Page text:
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    Jing Daily's China Luxury Brief: August 14, 2013

    Handbags as loan collateral, a new twist to China's foreign auto pricing investigation, and a Chinese billionaire's interest in Iceland are among today's stories.
    A sound financial choice, if you're in Hong Kong. (Chanel)

    Welcome to Jing Daily‘s China Luxury Brief: the day’s top news on the business of luxury and culture in China, all in one place. Check out today’s stories below:#

    A sound financial choice, if you're in Hong Kong. (Chanel)

    BUSINESS AND FINANCE —#

    The foreign vehicle pricing drama continues (or ends):#

    Despite reports yesterday that the China Automobile Dealers Association has launched an investigation into foreign auto company pricing in China, an official in the organization said he's heard no such thing. (Bloomberg)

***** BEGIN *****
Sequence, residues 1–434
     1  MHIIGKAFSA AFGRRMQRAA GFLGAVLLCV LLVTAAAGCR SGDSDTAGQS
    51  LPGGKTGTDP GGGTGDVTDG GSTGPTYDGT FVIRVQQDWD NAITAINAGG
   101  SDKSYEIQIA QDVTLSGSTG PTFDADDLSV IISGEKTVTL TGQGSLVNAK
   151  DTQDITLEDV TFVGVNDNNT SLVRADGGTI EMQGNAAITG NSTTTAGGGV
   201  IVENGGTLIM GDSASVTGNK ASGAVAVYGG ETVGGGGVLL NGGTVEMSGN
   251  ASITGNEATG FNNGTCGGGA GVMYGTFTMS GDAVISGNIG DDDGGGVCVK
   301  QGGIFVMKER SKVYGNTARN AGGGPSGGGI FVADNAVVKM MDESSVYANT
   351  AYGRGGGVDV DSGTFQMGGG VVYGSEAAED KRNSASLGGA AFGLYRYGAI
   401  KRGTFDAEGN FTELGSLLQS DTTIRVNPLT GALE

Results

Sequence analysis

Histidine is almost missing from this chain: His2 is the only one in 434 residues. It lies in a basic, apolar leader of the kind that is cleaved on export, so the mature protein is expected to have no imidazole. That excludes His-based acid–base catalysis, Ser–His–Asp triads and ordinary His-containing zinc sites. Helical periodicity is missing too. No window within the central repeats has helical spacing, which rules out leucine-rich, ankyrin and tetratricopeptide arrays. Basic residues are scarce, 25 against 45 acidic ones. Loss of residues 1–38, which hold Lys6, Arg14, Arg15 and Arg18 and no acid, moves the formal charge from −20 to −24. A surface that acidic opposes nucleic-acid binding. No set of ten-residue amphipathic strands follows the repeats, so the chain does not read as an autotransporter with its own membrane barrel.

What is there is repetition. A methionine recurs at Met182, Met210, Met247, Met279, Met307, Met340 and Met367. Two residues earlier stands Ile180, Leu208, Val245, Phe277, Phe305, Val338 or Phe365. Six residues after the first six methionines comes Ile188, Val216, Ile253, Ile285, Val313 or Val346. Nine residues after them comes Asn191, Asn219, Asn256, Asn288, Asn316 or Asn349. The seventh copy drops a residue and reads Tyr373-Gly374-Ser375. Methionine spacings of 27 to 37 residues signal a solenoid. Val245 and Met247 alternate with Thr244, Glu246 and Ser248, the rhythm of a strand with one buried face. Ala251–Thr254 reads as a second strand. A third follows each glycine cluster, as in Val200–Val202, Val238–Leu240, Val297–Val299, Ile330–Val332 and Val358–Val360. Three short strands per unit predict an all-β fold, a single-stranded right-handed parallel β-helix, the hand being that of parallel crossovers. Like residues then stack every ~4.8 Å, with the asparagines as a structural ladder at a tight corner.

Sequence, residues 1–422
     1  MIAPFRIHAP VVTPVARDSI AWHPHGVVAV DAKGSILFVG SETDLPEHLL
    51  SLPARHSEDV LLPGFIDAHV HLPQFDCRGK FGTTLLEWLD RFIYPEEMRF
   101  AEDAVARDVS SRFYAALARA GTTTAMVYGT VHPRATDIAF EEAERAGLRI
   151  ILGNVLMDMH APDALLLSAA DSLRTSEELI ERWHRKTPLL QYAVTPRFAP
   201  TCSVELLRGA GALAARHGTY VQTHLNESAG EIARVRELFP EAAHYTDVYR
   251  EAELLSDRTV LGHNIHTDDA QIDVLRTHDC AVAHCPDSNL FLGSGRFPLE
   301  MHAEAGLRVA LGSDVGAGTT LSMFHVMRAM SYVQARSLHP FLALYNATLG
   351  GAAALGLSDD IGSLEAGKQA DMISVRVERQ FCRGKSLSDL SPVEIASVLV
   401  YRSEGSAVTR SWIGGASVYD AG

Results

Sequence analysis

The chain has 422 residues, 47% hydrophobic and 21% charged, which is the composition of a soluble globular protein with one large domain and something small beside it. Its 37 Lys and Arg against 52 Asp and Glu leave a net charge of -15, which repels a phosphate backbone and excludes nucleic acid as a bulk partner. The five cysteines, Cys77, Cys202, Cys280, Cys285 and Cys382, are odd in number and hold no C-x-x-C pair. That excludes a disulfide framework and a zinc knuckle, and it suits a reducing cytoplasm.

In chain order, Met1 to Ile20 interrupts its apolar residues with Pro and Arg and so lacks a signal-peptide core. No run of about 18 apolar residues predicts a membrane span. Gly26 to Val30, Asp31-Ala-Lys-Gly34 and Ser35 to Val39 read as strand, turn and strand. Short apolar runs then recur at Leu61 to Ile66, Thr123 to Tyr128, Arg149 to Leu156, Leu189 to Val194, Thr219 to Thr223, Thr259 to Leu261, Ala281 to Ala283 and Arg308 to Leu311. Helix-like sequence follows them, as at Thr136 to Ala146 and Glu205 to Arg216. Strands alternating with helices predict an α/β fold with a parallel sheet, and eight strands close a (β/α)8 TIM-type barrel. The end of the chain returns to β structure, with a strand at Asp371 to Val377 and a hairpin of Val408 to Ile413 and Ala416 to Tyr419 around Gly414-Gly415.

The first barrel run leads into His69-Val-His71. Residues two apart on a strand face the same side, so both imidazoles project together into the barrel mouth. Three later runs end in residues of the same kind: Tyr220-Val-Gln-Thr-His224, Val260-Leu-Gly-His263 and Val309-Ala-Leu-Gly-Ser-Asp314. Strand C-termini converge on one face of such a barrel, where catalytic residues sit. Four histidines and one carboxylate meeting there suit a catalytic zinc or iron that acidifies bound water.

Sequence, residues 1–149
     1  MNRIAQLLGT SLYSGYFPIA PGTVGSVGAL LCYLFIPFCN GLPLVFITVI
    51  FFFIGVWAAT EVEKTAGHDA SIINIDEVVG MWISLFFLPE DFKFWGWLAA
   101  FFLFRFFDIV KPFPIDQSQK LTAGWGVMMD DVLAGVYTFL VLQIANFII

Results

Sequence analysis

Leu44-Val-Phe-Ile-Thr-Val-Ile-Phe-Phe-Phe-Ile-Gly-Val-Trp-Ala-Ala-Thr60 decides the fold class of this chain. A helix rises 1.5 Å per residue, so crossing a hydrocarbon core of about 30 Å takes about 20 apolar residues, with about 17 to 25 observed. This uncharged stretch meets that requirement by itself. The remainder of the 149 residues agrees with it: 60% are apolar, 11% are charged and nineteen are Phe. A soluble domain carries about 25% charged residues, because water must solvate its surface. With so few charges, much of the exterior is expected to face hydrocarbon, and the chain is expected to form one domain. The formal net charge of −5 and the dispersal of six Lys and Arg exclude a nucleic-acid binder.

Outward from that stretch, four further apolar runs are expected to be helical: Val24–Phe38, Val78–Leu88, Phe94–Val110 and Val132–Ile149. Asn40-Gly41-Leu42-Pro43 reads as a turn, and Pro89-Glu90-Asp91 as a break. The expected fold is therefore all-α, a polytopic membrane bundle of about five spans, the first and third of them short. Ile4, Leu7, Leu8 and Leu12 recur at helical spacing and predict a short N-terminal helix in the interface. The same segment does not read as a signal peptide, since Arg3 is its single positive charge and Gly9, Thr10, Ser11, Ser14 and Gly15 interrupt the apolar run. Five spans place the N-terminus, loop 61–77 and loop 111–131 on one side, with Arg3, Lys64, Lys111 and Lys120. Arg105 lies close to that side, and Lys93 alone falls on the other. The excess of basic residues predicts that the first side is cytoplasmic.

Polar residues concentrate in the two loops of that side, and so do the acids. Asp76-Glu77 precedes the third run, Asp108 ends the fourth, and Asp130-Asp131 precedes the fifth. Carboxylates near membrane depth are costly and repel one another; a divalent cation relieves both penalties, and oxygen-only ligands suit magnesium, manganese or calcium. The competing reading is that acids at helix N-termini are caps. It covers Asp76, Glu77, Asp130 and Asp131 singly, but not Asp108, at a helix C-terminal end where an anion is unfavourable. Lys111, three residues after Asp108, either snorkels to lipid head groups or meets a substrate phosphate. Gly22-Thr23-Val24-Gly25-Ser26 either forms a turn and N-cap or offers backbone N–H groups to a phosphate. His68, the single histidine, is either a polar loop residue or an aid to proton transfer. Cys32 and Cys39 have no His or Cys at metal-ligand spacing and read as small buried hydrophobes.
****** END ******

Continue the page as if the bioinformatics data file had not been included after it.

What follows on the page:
Chinese property development may stretch to Iceland.#

    Chinese billionaire Huang Nubo is ready to start work on a mountain resort, if Iceland's government will let him. (Bloomberg)

    Women in Asia struggle to gain top management roles.#

    "In Hong Kong, just 2% of CEOs are women." (China Real Time)

    FASHION —#

    Who said a luxury handbag isn't a good investment?#

    Handbags work as loan collateral in Hong Kong, as long as they're made by "Gucci, Chanel, Hermès or Louis Vuitton," and "occasionally" Prada. (WSJ)

    CULTURE —#

    Hollywood prevails in China tax dispute.#

    "A standoff over whether a new value-added tax should be taken out of their cut of box-office receipts has been resolved in the American movie industry's favor." (WSJ)

    LIFESTYLE —#

    Boutique hotels hit the Chinese countryside.#

    The New York Times profiles the Linden Centre hotel in Yunnan. (NYT)

    Wuhan announces plans to become the "next New York",#

    but residents aren't buying it. (Economic Observer)

    An industry we actually want to see slow down:#

    Shark fin soup sales still decreasing. (IBT)

    TECH —#

    Tencent's profits miss estimates.#

    One analyst thinks they spent too much money on hiring celebrities to promote WeChat. (Bloomberg)

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